Dietary Phytochemicals as Potential Interventions for Inflammatory Bowel Disease

Open Access
Bitzer, Zachary T
Graduate Program:
Food Science
Doctor of Philosophy
Document Type:
Date of Defense:
December 17, 2014
Committee Members:
  • Joshua D Lambert, Dissertation Advisor
  • Ryan John Elias, Dissertation Advisor
  • Andrew David Patterson, Committee Member
  • Robert F Roberts, Committee Member
  • Inflammatory Bowel Disease
  • IBD
  • Soy
  • EGCG
  • DSS
  • Permeability
  • Inflammasome
  • Colorectal Cancer
  • Ulcerative Colitis
  • ROS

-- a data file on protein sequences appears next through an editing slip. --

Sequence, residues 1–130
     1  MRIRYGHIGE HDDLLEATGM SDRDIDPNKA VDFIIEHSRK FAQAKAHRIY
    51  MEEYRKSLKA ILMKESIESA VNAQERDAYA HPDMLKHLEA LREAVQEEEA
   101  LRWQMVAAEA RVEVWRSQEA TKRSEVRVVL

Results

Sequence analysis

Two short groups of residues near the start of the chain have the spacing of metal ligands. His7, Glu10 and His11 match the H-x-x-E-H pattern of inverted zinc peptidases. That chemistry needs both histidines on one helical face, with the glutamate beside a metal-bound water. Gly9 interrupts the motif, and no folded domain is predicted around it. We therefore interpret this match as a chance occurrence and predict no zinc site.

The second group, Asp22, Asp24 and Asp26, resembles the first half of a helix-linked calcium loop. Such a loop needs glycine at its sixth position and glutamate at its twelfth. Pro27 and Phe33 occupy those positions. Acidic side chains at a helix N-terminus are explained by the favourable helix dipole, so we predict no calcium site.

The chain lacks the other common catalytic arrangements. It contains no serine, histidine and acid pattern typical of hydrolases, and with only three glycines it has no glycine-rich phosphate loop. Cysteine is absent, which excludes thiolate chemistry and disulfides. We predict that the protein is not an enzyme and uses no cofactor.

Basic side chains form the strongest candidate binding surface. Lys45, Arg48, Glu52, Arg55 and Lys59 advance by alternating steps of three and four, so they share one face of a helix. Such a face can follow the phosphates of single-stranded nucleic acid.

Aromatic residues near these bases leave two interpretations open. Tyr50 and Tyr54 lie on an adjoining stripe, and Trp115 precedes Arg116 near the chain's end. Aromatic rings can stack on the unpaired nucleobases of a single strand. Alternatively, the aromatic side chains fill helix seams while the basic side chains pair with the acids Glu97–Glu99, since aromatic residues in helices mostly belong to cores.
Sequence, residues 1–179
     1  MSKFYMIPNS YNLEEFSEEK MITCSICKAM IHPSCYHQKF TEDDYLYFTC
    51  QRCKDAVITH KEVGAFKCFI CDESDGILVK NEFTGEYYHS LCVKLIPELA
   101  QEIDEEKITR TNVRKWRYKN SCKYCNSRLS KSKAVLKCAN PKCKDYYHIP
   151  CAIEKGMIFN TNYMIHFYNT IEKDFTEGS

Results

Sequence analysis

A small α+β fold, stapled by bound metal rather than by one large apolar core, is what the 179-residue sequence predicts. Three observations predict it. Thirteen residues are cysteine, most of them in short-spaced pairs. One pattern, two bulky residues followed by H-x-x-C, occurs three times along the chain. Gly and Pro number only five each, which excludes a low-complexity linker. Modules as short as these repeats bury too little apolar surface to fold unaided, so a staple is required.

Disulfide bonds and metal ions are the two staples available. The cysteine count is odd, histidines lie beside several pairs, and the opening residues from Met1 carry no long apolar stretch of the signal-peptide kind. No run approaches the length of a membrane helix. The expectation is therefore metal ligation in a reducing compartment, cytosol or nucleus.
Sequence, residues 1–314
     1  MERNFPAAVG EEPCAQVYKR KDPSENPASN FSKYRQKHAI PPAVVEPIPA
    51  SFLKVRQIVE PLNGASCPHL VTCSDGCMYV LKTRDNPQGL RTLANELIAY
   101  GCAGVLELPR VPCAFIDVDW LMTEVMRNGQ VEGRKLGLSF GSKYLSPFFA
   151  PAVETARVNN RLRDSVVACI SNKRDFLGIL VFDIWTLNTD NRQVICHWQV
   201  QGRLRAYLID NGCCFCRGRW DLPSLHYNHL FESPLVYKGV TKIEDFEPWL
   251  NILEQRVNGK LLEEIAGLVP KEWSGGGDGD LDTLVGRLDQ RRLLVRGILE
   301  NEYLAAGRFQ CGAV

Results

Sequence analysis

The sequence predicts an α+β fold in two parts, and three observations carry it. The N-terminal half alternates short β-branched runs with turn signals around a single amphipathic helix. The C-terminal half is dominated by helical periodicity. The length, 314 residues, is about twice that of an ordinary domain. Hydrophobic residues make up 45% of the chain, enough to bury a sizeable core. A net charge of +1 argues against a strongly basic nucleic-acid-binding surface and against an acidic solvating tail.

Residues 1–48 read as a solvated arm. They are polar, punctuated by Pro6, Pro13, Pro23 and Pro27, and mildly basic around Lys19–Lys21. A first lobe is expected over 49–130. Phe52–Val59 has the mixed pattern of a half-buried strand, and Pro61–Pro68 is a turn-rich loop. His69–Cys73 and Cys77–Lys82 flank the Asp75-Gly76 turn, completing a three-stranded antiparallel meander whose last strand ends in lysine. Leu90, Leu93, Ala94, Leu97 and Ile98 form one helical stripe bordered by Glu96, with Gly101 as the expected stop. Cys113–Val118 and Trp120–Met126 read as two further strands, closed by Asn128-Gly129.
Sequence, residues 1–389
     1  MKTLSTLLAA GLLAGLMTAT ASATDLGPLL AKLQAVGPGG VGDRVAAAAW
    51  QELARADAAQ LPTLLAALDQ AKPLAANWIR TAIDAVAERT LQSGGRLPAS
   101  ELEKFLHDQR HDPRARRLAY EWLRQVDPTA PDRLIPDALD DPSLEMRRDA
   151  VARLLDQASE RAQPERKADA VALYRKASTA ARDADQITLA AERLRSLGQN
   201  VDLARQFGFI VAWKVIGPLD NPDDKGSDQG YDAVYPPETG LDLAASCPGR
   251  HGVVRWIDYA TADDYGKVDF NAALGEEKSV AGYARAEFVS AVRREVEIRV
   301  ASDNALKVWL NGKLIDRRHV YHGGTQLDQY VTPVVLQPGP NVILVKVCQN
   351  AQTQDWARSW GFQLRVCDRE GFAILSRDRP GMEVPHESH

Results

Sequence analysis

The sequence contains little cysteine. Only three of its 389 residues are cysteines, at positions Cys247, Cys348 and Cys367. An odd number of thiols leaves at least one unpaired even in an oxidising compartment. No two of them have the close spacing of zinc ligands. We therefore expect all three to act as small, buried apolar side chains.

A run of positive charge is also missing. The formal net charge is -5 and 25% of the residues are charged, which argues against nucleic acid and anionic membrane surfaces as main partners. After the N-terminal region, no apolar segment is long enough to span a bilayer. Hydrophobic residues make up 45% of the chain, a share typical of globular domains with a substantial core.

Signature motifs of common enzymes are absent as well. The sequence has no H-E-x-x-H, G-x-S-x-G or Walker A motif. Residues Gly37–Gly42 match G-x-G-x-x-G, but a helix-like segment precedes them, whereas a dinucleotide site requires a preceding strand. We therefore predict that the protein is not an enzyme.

Inflammatory bowel disease (IBD) afflicts nearly 2.2 million people worldwide. IBD is composed of two main groups, ulcerative colitis (UC) and Crohn’s disease. Nearly 20% of those who suffer from IBD will develop colorectal cancer and 50% will die as a result. In addition to the decrease in quality of life and increases in colorectal cancer risk, IBD also presents a significant economic burden. The total economic burden of ulcerative colitis (UC) and Crohn’s disease in the United States is estimated to be US$19 – 30 billion annually. IBD patients suffer from increased inflammatory gene expression, cytokine production, oxidative stress, and decreased gut barrier function. This decrease in gut barrier function is a result of modulation of tight junction proteins responsible for modulating paracellular transport in the epithelium. Decreased gut barrier function allows for intestinal endotoxins, such as lipopolysaccharide (LPS), to pass from the lumina into the systemic circulation causing further inflammation. Dietary intervention is of particular interest when studying IBD as many phytochemicals have biological activity and some have been shown to decrease inflammation. Though some may are not very bioavailable, they may have activity through direct interaction with epithelial cells. The overall goal of this project was to investigate the beneficial effects of dietary supplementation with dietary phytochemicals on dextran sulfate sodium (DSS)-induced colonic inflammation and gastrointestinal permeability. The specific objectives were: a) to evaluate the effect of epigallocatechin-3-gallate (EGCG) on markers of inflammation, oxidative stress, gut barrier function, and nutrition in mice with DSS-induced ulcerative colitis and in DSS-treated Caco-2 cell monolayers in culture, b) evaluate the effect of an isoflavone-free soy protein concentrate on markers of inflammation, oxidative stress, gut barrier function, and inflammasome formation in mice with DSS-induced ulcerative colitis and in DSS-treated Caco-2 cell monolayers in culture. EGCG, the most abundant green tea polyphenol, has been shown to inhibit oxidative stress in animal and cell studies. We examined the effect of EGCG on DSS-induced permeability in Caco-2 cell monolayers and found that EGCG treatment significantly reduced permeability. We examined the anti-inflammatory, anti-nutritional, and intestinal permeability effects of EGCG in the DSS-induced mouse model of ulcerative colitis. Mice received DSS (1.5% w/v) for 7 days to induce ulcerative colitis and then received 0.32% EGCG as their sole source of drinking water for an additional 3 days. Colonic levels of the inflammatory markers, interleukin (IL)-1β, IL-6, and tumor necrosis factor alpha (TNF-α), were increased in DSS-treated mice, but the effect was mitigated as a result of EGCG administration. Gut barrier improvements were seen in the mice that received EGCG intervention as measured by a multi-sugar permeability assay. These results indicate that EGCG decreases the inflammatory response of the intestine and modulates intestinal permeability. In spite of these anti-inflammatory effects, we observed that EGCG decreased feeding efficiency and enhanced body weight loss compared to DSS-treated control mice. These changes were related to increases in fecal proteins and lipids and were observed in EGCG-treated mice suggesting that EGCG exerted anti-nutritional effects and indicating a potential dose-limiting toxicity. Soy (Glycine max), a widely consumed dietary component, has been reported to have beneficial effects against a number of chronic diseases. We examined the ability of soy protein concentrate (SPC) to suppress inflammation and oxidative stress, and improve gut barrier function both in vivo and in a cell culture model. In vitro, SPC exhibited radical scavenging activity. This activity was further supported by an in vivo experiment where SPC protected Caco-2 human colon cells from H2O2-induced cytotoxicity. DSS-induced increases in Caco-2 monolayer permeability were also decreased as a result of SPC treatment. In a DSS-induced ulcerative colitis CF-1 mouse model, mice received 1.5% DSS for 7 days and consumed dietary SPC (6% or 12%) throughout the course of the study. Dietary SPC reduced colonic cytokine levels of IL-1β, IL-6, and monocyte chemotactic protein-1 (MCP-1). Gene expression of IL-1β, EGF-like Module-containing Mucin-like Hormone Receptor-Like 1 (EMR-1), nucleotide-binding oligomerization domain receptor-3 (NLRP3), and toll-like receptor 4 (TLR-4) were also observed. SPC decreased Caspase-1 activity, suggesting inhibition of inflammasome formation. In the mice, protein levels of glucagon-like peptide 2 (GLP-2) increased and mRNA expression of tight junction proteins, claudin-1 and occludin, tended to normalize as compared to the negative control. Our results suggest that SPC attenuates colonic inflammation in part by suppressing oxidative stress and intestinal permeability. Collectively, we have demonstrated that dietary treatment with EGCG and SPC can reduce inflammation and improve gut barrier function in DSS-induced ulcerative colitis in mice. These results are supported by studies of antioxidant and epithelial protective effects in cell culture. While the exact mechanism of each of the treatments remains to be investigated further, it suggests that dietary intervention with plant based phytochemicals may be a viable route to reducing inflammation and improving intestinal barrier function in the context of IBD.